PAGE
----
The Rajtarangni, which gives Kashmir the distinction of being the only region of India which possesses an uninterrupted series of written records of its history dating back beyond Muslim conquests, begins with a mythological explanation of how Kashmir came into being.
In what was once the great lake of Sati-the Satisaras, today lies the legendary, paradisiacal valley of Kashmir. Jalodbhava or the water born demon inhabited this immense lake and caused the whole land to be laid to waste since humans couldn't cohabit with demons. The Gods tried but failed in their attempts to annihilate him. Then one day the sage, Kashyapa on hearing of this distress devoted himself to religious exercise and penance. As an answer to his prayers, the holy triad of Brahma, Vishnu and Shiva appeared to aid him.  Vishnu assumed the form of a boar, struck a mountain at Varhamul(present day Baramulla) and the lake rushed out through this. The wily demon however, took refuge in the low ground near Srinagar. To counter him, the Goddess Sharika disguised as a myna (a hari in Kashmiri) dropped a pebble on the demon and as it fell, the pebble grew and buried the demon under it. Today, there lies a mountain, ubiquitous in all glorious photographs and drawings of the Dal Lake. This mountain, the one behind which the sun shyly hides every day at dusk, is called the Hari Parbat (or the Myna Mountain) and gets its name from this myth. The Persian name for this mountain, Koh-e-Maran or the mountain of the snake, is a telling of how this myth found acceptance into the Muslim narrative.

Kashmir too, gets its name from Kashyapa, who is also the grandson of Brahma and one of the Saptarishis in Hindu literature. On the shore of the lake Satisar, was said to be Parvati's abode. After cleansing the land of demons, Kashyapa prayed to Shiva for Parvati to cleanse this newly created land. Striking his trident to the ground, Shiva beckoned Parvati who gushed forth as the river Vitasta or Vyeth. To this day, the Vyeth flows across Kashmir, cleansing it as the celebrated river Jhelum.

Standing tall between the Jhelum and the Dal is the temple called Shankaracharya on a mountain commonly known as the Takht-e-Sulaiman or the Throne of Solomon. Originally thought to be a Buddhist temple, it now is an active Hindu one with a shivling placed inside it. Adi Shankaracharya, the great Hindu philosopher is said to have visited it, giving it its name. How Solomon penetrates into the nomenclature is still a mystery. A prophet common to Judaism, Christianity and Islam, oral tradition says that King Solomon reached the Kashmir Valley and through his wisdom aided the people of Kashmir by successfully regulating the Jhelum river; the mighty task of Kashyapa is attributed to him by some. Others however, dismiss this as heresy claiming Takht-e-Sulaiman to be a common name for flat-topped mountains in Central Asia.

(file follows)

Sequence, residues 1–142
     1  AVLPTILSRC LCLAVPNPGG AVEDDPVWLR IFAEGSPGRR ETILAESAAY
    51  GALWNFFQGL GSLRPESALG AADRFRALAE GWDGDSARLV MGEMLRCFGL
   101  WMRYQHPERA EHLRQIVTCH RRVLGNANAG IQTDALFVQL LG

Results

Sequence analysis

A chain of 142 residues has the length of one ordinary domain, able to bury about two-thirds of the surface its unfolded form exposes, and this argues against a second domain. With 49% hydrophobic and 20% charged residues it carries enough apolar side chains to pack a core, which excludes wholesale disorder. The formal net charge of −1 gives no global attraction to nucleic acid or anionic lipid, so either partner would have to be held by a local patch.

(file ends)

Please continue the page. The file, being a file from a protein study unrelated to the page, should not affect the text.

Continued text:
As an early a seat of Hinduism, Kashmir switched to Buddhism under Ashoka and then back to Hinduism under his son. Emperor Kanishka  made Kashmir the seat of Mahayana Buddhism and erected numerous Buddhist viharas. Hiuen Tsang travelled to Kashmir for the fourth Buddhist Council that convened here. Chinese travellers are said to have spent years in the valley on a pilgrimage to holy sites and in studying Sanskrit. Buddhism fell in 9th century and the present day Shaivite and Vaishanava faith got popular.

Lawrence spoke about the Kashmiri's fascination for the sacred and the relics that tie one to the faith. It is this that invites so many here. Islam spread in Kashmir primarily through the advent of Sufi saints in the 13th Century and has had a strong hold since. In Srinagar also lie strands of hair of the Prophet Mohammed. The story of how the hair travelled is a long one involving a family feud and exile of a custodian of the holy shrine in Medina, its passing down through generations, trade of the hair to a Kashmiri merchant, Aurangzeb testing it for authenticity and finally it being enshrined in Hazratbal in Srinagar with the Bandey family being its custodian.